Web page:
There are several species of softshell, three in the United States: Florida, Spiny and Smooth softshell. Others are found in Asia and Africa. A softshell turtle is exactly that; it lacks the hard protective scutes that most turtles have. The carapace is very streamline with a very subtle dome pancake shape. The nose of the softshell is snorkel like which allows it to stay submerged while it takes a breath. They are also known to bury themselves in the muddy bottom of their water habitat and lie in wait for prey to come in reach. Additionally these breeds all grow large; one species up to 4 feet in length (1 meter). Therefore, softshell turtles do not make good pets for the average pond owner.
There are breeds of aquatic turtles that are found all throughout the globe and some of them are popular in the pet trade. Most of these are found in Asia and Africa. Furthermore, most of these species will require turtle care that most beginners won’t be able to manage. However, if you do have some experience in caring for aquatic turtles, you should be able to handle the additional or specific needs they require. If you do get an exotic species, only get captive bred ones from a local breeder. Ones that are captured from within their natural habitats will be very stressful on them and as a result, will lead to lower survival rates.
The Reeves turtle from southeast Asia is probably the most common species seen in the pet trade since they are small in size and rather hardy. It only grows to about 5 inches (13cm). It’s shell and skin color that ranges from grays browns and dark greens. The head often has thin yellow lines. The Shell has three keels that run front to back and the keels are what help distinguish them from the similar looking Mud and Musk turtles.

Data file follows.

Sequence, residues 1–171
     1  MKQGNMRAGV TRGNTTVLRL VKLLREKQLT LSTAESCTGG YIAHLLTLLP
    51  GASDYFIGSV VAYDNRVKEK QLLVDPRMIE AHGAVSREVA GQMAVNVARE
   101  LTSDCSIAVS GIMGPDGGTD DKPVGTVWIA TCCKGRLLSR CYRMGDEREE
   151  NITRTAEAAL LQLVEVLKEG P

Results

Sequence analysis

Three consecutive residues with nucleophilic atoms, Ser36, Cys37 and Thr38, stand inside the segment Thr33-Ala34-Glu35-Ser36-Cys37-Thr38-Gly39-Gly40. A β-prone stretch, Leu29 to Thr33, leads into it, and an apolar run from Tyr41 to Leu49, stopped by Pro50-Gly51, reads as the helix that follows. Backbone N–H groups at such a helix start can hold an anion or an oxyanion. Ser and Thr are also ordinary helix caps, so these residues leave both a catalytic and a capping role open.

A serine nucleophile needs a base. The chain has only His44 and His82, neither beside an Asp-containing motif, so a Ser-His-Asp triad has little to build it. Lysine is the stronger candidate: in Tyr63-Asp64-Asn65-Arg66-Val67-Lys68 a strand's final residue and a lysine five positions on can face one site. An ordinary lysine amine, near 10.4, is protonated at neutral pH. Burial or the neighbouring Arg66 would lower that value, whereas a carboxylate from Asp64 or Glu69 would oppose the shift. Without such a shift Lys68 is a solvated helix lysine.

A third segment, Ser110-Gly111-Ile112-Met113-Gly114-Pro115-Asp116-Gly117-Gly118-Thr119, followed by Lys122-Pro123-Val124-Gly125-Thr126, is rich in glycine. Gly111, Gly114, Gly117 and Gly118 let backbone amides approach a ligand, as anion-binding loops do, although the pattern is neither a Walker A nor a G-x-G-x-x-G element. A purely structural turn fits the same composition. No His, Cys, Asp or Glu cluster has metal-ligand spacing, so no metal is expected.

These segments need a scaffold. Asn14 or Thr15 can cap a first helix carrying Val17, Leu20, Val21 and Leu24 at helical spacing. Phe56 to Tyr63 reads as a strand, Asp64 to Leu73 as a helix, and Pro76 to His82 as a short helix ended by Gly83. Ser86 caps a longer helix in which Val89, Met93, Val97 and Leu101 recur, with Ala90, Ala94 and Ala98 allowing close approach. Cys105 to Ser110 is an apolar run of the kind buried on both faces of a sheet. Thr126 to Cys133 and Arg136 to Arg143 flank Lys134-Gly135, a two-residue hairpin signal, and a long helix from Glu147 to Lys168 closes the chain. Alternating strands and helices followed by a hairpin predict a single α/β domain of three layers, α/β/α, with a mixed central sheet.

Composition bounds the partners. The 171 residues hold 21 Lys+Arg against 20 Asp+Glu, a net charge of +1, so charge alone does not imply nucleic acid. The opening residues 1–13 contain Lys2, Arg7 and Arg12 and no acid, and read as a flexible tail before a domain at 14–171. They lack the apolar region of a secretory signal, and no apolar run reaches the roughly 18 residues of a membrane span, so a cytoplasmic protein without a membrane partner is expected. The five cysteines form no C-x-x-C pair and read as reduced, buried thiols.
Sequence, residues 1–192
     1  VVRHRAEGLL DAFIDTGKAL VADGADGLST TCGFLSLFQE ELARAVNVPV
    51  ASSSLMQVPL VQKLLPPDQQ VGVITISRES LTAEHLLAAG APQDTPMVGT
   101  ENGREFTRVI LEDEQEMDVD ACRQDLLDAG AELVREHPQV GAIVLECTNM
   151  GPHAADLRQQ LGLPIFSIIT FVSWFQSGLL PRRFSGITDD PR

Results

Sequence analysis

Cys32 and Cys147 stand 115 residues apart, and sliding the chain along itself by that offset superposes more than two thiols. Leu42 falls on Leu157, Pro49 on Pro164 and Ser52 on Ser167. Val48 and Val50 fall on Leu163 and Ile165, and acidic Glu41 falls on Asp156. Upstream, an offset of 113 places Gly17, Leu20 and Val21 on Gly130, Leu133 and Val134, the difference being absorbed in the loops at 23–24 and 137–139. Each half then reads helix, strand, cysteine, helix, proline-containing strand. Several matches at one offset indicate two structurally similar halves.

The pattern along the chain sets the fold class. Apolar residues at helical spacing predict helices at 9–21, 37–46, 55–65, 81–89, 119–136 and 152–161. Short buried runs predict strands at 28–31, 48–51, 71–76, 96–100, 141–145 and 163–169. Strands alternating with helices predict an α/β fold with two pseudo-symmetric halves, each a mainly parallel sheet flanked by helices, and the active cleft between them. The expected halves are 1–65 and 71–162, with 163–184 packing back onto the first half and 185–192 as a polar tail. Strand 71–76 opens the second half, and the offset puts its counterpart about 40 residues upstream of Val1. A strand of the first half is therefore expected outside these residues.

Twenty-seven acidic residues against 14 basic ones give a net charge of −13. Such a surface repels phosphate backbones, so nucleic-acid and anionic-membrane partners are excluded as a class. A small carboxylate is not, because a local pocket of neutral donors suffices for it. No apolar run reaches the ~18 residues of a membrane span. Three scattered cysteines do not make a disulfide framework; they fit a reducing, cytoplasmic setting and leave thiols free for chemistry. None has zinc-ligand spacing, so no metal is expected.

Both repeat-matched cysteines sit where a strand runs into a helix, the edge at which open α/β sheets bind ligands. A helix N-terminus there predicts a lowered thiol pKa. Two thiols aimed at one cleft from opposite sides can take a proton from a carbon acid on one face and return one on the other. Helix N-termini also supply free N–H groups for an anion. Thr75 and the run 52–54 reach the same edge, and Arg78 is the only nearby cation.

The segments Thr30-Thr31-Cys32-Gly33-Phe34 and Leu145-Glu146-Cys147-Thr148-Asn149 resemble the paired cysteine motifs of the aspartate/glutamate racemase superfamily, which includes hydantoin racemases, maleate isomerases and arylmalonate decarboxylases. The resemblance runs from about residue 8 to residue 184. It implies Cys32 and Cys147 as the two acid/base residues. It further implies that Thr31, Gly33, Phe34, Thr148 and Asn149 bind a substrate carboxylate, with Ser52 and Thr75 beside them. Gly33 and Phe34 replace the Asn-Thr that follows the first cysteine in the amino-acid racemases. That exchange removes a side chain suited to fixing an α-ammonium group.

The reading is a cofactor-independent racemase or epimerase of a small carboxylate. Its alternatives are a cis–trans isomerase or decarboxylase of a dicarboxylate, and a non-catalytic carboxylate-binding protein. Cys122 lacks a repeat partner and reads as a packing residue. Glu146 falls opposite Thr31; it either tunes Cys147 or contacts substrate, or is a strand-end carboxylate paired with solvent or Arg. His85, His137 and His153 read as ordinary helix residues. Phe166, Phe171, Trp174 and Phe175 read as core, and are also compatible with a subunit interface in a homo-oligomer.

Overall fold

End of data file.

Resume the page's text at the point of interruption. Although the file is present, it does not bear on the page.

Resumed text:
Similar in shape and size as the Reeves but not in color. The Asian Yellow and Leaf are typically more solid yellow in color. These yellow pond turtles are found in parts of China, Japan, Taiwan, Vietnam and Laos. Asian Yellow pond turtles are becoming threatened and should not be purchased as pets.
The Asian Leaf turtle is also similar in size as the Reeves but it’s brownish carapace slightly resembles that of a leaf. The outer scutes are jagged like edges of a leaf.
African Mud turtles are a hardy breed and deal better with transport than other exotic aquatic turtles do. They look similar to the Painted species. Their shells are often brown in color and their skin, a yellow or grayish color. They enjoy basking as well as burying themselves into the dirt in land portions of the habitat.
Snake turtles have long necks as their name describes them. In fact, their necks can be as long as their carapace. Their heads are too big to retract so they turn them to the side. Some or these species are also referred to as sideneck or longneck turtles. These long necks make them well adept for hunting life prey, so it’s no wonder why they are mainly carnivores.
The skin on the head of Big Headed turtle is tougher than most aquatic species and might more so resemble the skin of a snapper. With a head that is too big, it has protective plate like skin on its head and neck. This breed is more well adept for climbing than they are for swimming and can even be spotted in trees in their natural habitat. For this reason, if made as pets, provide them with a shallow water area and plenty of land area.
By far one of the most alien like breeds of aquatic turtle, the Mata Mata (“kill kill”) has a rough and rocky like carapace and head. This species like shallow slow moving water where it can sit on the bottom and blend in. It sits in wait for unsuspecting fish to come by and when they do, the Mata Mata stretches out its head and sucks in the fish like a vacuum.
Tim Winter has a strong affection for pets and wildlife. His years of experience caring for various types of pets has led him to share his knowledge with others on the best practices in pet care. Tim holds a Bachelor of Science from the University of Oregon School of Journalism and Communications.